Zoran Milanovic said the burning of the effigy, which depicted two men kissing, at a festival in southern Croatia on Sunday was 'inhumane and totally unacceptable'
By Hugo Greenhalgh
LONDON, Feb 24 (Thomson Reuters Foundation) - Croatia's president on Monday condemned the burning of an effigy of two men and a child at a festival weeks after the country's highest court ruled that same-sex couples could foster children.
Zoran Milanovic said the burning of the effigy, which depicted two men kissing, at a festival in southern Croatia on Sunday was "inhumane and totally unacceptable".
Organisers of the event in the town of Imotski "deserve the strongest condemnation of the public because hatred for others, intolerance and inhumanity are not and will not be a Croatian tradition", Milanovic posted on his verified Facebook page.
The Imotski carnival organisers did not respond to a request for comment via their Facebook page.
Croatia legalised gay sex in 1977, but the country remains deeply conservative, with more than 80% of the population adhering to Catholicism, according to a 2011 census.
Almost two-thirds of Croatians voted in a 2013 referendum in favour of a motion that enshrined marriage in the country's constitution as between a man and a woman.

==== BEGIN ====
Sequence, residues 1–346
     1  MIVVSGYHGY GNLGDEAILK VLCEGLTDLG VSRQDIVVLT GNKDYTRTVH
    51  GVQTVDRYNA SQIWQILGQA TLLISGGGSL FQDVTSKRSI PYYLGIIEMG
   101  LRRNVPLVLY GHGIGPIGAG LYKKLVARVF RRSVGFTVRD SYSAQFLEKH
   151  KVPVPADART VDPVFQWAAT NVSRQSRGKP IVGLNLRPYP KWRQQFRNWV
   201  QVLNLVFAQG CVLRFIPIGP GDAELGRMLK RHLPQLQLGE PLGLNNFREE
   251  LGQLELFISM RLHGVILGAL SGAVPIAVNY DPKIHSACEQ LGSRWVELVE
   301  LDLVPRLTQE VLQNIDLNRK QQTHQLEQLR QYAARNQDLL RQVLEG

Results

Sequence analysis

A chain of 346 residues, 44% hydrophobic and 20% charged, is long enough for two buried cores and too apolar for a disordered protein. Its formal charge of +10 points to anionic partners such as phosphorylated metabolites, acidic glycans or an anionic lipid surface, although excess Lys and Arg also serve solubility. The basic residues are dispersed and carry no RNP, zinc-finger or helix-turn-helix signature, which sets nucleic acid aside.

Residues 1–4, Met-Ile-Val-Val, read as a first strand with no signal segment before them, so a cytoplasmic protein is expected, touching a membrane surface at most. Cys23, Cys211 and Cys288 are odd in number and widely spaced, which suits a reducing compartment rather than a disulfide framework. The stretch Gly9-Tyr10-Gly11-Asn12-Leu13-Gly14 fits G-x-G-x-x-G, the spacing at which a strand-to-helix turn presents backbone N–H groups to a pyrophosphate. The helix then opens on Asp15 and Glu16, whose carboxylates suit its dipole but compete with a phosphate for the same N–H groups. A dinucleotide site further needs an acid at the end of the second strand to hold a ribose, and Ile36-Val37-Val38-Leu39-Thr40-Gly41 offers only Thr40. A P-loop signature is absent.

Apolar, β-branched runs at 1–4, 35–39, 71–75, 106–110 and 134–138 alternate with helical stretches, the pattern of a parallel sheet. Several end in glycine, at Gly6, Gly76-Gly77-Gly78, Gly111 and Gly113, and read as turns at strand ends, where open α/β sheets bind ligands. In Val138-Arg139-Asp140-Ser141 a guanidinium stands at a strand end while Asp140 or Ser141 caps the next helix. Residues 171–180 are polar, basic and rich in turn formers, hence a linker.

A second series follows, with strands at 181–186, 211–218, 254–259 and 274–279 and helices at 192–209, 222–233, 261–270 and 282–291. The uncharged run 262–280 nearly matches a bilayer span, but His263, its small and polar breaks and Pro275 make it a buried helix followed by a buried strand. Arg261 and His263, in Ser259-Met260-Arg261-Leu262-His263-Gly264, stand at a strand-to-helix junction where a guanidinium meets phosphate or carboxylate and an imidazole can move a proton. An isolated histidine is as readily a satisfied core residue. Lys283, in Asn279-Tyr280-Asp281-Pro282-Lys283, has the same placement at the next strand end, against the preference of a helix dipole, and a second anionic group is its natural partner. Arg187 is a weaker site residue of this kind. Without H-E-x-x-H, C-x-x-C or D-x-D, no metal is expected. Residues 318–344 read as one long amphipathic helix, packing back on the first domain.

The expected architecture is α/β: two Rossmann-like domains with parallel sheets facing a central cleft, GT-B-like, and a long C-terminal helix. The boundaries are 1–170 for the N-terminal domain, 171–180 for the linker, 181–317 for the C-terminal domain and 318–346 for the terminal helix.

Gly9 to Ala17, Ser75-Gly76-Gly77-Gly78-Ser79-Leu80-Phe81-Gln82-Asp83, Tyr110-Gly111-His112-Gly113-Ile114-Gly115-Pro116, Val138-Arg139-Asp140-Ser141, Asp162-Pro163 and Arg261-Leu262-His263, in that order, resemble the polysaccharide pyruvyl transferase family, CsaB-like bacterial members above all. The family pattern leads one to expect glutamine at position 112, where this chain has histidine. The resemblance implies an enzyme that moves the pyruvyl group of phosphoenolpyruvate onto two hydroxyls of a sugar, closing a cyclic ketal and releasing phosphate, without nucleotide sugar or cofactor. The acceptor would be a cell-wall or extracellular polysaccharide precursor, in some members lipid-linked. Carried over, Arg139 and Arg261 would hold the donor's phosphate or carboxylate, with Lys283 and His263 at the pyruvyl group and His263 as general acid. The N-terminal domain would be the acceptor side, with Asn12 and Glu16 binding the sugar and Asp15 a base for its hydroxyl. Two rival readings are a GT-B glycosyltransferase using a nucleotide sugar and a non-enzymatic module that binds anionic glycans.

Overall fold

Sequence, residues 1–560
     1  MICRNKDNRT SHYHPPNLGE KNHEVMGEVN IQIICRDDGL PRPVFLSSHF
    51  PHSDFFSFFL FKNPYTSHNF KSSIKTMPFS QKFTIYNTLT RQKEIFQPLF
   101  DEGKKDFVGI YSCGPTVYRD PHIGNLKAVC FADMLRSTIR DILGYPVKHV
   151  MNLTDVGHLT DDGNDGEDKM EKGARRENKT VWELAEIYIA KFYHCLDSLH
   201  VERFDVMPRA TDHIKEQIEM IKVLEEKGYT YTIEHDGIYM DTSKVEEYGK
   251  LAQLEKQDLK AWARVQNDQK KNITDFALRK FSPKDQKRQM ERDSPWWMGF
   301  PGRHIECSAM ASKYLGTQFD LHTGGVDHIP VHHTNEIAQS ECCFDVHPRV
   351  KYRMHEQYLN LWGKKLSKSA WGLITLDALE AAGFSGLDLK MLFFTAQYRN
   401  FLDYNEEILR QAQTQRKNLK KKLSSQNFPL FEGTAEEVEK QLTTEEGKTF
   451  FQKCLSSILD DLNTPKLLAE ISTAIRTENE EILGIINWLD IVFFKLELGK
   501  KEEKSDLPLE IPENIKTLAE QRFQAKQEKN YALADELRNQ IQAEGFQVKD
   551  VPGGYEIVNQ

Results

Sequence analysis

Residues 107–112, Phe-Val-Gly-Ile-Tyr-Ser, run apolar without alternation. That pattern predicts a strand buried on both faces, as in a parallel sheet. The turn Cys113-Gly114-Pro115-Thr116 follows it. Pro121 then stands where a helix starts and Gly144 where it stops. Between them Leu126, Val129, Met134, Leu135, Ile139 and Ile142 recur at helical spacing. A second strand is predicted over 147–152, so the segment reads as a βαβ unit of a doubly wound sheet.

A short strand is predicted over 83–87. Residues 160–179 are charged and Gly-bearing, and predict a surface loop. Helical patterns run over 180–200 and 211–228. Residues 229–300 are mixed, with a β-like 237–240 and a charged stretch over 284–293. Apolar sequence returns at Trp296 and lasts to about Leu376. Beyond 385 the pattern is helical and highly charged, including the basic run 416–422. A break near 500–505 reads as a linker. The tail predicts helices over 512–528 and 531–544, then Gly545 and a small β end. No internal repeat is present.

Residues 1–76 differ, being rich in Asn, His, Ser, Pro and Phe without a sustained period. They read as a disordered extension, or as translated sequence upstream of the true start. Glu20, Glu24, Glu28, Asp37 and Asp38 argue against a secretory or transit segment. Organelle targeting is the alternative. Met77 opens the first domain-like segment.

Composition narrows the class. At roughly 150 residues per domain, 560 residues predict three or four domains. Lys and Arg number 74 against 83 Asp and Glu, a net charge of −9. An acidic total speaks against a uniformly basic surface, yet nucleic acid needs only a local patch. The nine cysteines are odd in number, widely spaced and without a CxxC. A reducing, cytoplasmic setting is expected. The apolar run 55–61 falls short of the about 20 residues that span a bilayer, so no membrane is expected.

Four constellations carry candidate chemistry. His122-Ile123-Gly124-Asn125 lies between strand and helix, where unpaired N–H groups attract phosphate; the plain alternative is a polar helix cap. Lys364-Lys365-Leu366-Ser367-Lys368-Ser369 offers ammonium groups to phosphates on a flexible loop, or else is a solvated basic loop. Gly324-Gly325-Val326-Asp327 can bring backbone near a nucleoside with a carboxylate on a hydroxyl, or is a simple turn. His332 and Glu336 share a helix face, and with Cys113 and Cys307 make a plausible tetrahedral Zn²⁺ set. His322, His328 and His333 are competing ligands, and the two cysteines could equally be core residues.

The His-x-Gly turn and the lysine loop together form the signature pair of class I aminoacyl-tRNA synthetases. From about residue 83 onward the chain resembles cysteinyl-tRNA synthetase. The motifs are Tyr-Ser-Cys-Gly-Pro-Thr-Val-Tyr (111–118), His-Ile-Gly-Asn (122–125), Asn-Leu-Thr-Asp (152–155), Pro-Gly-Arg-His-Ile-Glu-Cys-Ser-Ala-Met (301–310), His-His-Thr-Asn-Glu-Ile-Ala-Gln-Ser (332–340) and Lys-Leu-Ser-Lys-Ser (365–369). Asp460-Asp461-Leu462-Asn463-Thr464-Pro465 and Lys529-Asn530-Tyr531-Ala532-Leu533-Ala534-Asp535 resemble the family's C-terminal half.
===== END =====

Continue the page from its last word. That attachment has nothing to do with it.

Same-sex couples can enter into legal partnerships, but the country has stopped short of allowing gay marriages.
Gay couples do not have the right to adopt, but earlier this year, Croatia's highest court ruled that they could become foster parents.
Croatia has a long tradition of burning effigies of politicians and other public figures as part of its countrywide carnival celebrations, and it is not the first time the festivities have sparked controversy.
In February 2018, party-goers at a festival in Kastela, a popular destination for tourists on the Dalmatian coast, set fire to a replica of the country's first children's picture book depicting same-sex parenting, "My Rainbow Family".
Brian Finnegan, a spokesman for LGBT+ rights organisation ILGA-Europe, told the Thomson Reuters Foundation that the burning of the effigy represented "another sign of the rise in hate in Europe that is being fuelled by anti-LGBT rhetoric".
"This is a clear expression of hatred," Finnegan added. (Reporting by Hugo Greenhalgh @hugo_greenhalgh; Editing by Claire Cozens. Please credit the Thomson Reuters Foundation, the charitable arm of Thomson Reuters, that covers the lives of people around the world who struggle to live freely or fairly. Visit http://news.trust.org)
Our Standards: The Thomson Reuters Trust Principles.